We have a script Inactivate Duplicate Column Headers that can solve this issue.

  • Then from each spreadsheet you will be appending run the script to inactivate the duplicates. The script will keep the first appearance of the duplicate and inactivate each subsequent appearance of that column header.
Dups Inactivated

Number of Duplicates Inactivated

  • Once the duplicates are inactive you should be able to run the Append Spreadsheet function without error.


We also have scripts available that can Inactivate Duplicate Row Labels and Inactivate Duplicate Row Values. These scripts allow you to either inactivate all but the first occurrence of the duplicate or all occurrences.

I need to append reference samples to my data to perform PCA but my marker labels are different in each spreadsheet.

Study-Ref Spreadsheets

Mismatched Column Headers

When joining datasets in SVS with either the Append Spreadsheets or Join or Merge Spreadsheets functions you are required to have matching row labels and column headers for that information you would like combined between the two sets of data.

The reference dataset uses RS IDs for marker names and the study population has the same information available in the marker map.


RS ID field in Marker Map of Study Population

We will rename the study markers to be RS IDs so that the two sets can be correctly joined to together. Please see How can I add Gene Name or RS ID to my spreadsheet’s marker map? if your data does not currently have RS IDs included as a marker map field.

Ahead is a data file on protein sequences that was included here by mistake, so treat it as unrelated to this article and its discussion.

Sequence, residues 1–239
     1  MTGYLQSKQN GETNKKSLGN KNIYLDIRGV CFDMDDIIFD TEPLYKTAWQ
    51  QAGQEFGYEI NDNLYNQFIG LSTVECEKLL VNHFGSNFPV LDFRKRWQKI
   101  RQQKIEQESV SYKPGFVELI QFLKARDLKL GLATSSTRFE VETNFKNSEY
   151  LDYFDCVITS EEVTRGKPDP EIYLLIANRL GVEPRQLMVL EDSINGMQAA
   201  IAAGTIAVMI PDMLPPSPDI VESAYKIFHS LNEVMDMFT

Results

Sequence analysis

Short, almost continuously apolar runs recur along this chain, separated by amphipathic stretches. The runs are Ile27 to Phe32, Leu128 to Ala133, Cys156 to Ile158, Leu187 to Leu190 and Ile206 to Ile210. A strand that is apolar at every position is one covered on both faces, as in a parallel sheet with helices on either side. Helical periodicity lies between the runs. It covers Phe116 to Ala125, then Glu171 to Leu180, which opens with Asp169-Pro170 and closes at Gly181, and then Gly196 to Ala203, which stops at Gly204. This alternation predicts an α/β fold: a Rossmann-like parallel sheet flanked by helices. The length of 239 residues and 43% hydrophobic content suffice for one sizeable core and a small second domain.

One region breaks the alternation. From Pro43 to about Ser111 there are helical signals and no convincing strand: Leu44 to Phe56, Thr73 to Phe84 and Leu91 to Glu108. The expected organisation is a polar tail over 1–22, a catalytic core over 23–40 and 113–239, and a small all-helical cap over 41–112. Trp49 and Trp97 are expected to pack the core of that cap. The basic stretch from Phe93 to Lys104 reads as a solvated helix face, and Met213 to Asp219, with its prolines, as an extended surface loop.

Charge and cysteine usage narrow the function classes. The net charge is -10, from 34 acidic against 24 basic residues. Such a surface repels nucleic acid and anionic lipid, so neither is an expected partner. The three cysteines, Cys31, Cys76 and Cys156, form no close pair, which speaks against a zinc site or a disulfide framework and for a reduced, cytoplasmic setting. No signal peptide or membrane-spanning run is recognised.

From the study spreadsheet go to Edit > Recode > Rename Marker Mapped Labels and select the RS ID field from the marker map.

Rename Labels

Rename Marker Mapped Labels

A new spreadsheet is then created with RS IDs as the marker names which can now be joined to your reference samples.

RSIDs Column Names

Headers Renamed to RS IDs

How can I import Illumina data for analysis in SVS?

Illumina provides data in several formats, raw intensity data files (.idat), Final Report text files and variant call data in VCF format to name a few.

Intensity Data Files (idat)

SVS does not support importing idat files directly, the data must first be processed through Illumina’s GenomeStudio or BeadStudio software. Once the data is imported into one of these programs the data can then be exported into a format that SVS can accept.

Supported export formats are either the Illumina Final Report format or in Golden Helix DSF format using the Plug-ins we have available.

Illumina Final Report Files

Example Illumina Final Report

Example Illumina Final Report

Illumina Final Report files are delimited text files that can come with a variety of information, including genotypes for several strands, Log R Ratios, B Allele Frequencies, GC Scores and mapping information. For import into SVS at minimum the file must contain SNP and Sample columns and one other information field to be imported. The files can come in one sample per file or multiple samples in the same file.

The header data (lines between [Header] and [Data] in the above screenshot) are not required and will not be included in the standard import. The column header line (starts with “SNP Name”) is required to correctly identify which columns contain the required information to build the SVS spreadsheet and correctly match up corresponding alleles to form the genotypes.